Transfer the burning wool to your tinder nest. The wool’s flame will go out quickly, so don’t waste any time.

Build a Lean To

Access whether or not your situation requires shelter by gauging the weather and any other human based factors. Search for a healthy tree that has a low sturdy branch that is approximately six feet above the ground.

Gather materials to build your shelter. The materials needed for a shelter include; branches, small pine branches and leaves, relatively dry branches that are easy to remove. Avoid using excessively dried out materials for safety reasons.

Build the walls by leaning the longer branches against both sides of the sturdy branch of your tree, thus forming a tent structure. Place one branch after the other, tightly placed in order by pushing the bottom of the branch into the ground.

Place the pine branches and miscellaneous foliage on the outside of your Lean To. Then, place larger branches on top of the foliage to create a relatively sealed roof.

After everything is in place you can use paracord or vines to fasten the tops of the branches to one another. This is not necessary but will offer better protection during poor weather conditions.

When possible, improvise on this design by elevating your bed a foot off the ground to avoid unsavory animals poking around. Pad your bed with loose foliage and etc.

Note: you should practice these fire starting skills before the SHTF. In the event these skills are not memorized post-disaster, a hard-copy of these techniques is available for in the CMF Survival Manual 0313


This article has been read [8701] times.

0 votes

About Administrator Ryan

Administrator Ryan has a Bachelor of Science Degree in Emergency Administration and Management from the University of Kentucky, and has been the primary handler for since it's founding. Professional background includes over a decade's experience in survival and preparedness, graphic design, computer programming, website coding, and asset management. Personal background in mountaineering, climbing, rappelling, combat training, and big game hunting.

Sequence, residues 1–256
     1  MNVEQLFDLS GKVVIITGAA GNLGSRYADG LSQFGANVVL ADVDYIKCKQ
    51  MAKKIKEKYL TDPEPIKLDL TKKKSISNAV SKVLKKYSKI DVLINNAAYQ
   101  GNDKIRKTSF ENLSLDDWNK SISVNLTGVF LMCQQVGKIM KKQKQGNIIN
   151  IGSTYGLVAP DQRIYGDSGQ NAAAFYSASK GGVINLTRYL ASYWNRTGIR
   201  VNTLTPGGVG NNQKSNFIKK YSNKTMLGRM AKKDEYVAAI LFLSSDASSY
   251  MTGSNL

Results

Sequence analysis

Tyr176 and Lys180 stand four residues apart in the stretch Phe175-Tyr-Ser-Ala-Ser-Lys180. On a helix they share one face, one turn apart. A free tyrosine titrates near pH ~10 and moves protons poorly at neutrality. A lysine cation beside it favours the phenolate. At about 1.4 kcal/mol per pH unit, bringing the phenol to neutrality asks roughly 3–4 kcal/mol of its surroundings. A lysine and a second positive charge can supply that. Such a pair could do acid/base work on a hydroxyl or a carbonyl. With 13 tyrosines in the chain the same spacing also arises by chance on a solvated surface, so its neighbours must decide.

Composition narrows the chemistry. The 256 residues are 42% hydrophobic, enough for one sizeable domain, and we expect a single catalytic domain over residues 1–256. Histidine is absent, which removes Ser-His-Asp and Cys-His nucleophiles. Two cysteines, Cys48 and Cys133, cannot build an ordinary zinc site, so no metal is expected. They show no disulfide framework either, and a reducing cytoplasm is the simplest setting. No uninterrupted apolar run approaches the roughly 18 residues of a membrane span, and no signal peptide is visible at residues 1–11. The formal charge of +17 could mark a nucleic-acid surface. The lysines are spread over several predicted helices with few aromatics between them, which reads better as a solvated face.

6 thoughts on “Field Expedient Fire Starting Techniques for Bushcrafting and Survival

  1. Pingback: Prepper Mistakes to Avoid | Survival Tips

  2. Pingback: Prepper Mistakes to Avoid | Survival Tips - Survival Life | Preppers | Survival Gear | Blog

  3. SO you have a fire, in your picture there is no wood to keep the fire going. Logs and heavy sticks are needed Where are they? Is it just to get a fire and nothing else? Building a fire is several stages where are the bigger logs to make hot coals to cook on??????

  4. Pingback: Prepper Mistakes to Avoid | Survival Tips | Home Preppers

  5. Pingback: Survival Gear & Food Storage » Prepper Mistakes to Avoid | Survival Tips

  6. Pingback: Prepper Mistakes to Avoid | Survival Tips | I Am Getting Prepared

Leave a Reply

Your email address will not be published.